Nushagak Peninsula federal hunt returns indicate a slightly larger hunt than the long-term average. So far, 95 caribou have been recorded harvested.
Hunters did not come remotely close to reaching the harvest limit of 218 caribou during the Nushagak Peninsula federal caribou hunt. The hunt closed on March 31, and so far the hunt reports show that 95 caribou were killed.
“It’s actually probably a little bit above average if you look at the long term,” said Andy Aderman, a refuge biologist at the Togiak National Wildlife Refuge. “We’ve had a couple years with zero. That was kind of at the low point of the herd, and people didn’t even bother to go hunting. On the other end of that, last season was far and away the greatest harvest.”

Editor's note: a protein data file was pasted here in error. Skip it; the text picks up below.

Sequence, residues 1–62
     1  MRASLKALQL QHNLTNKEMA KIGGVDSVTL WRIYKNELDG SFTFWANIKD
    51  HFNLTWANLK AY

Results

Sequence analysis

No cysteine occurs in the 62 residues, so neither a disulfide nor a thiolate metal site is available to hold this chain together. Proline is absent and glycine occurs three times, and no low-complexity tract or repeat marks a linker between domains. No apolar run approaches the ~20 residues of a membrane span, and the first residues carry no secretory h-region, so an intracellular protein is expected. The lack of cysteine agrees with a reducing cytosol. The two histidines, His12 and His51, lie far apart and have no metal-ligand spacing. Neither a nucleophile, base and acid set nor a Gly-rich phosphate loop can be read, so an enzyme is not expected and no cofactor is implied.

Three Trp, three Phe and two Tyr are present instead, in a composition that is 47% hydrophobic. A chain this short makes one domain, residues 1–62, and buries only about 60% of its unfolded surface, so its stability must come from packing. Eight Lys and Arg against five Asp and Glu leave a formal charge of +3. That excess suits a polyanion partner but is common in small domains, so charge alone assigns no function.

Last year’s harvest of 378 caribou set the record for this hunt.
According to Aderman, hunters’ reports indicate that the herd is generally healthy.
“Some caribou had more warble flies under their skin. That’s typical with caribou this time of year. Nasal bots is another affliction that caribou get. I think some people just noticed it for the first time.”
Refuge staff will fly surveys to count the Nushagak Peninsula herd’s population in late June and early July. The population count will inform the harvest limit and bag limit when the hunt opens again in the fall.
The Togiak National Wildlife Refuge, which manages the hunt, is still waiting on about 170 hunt reports that are now two weeks tardy. All hunters are required to submit a harvest report regardless of whether not they hunted.
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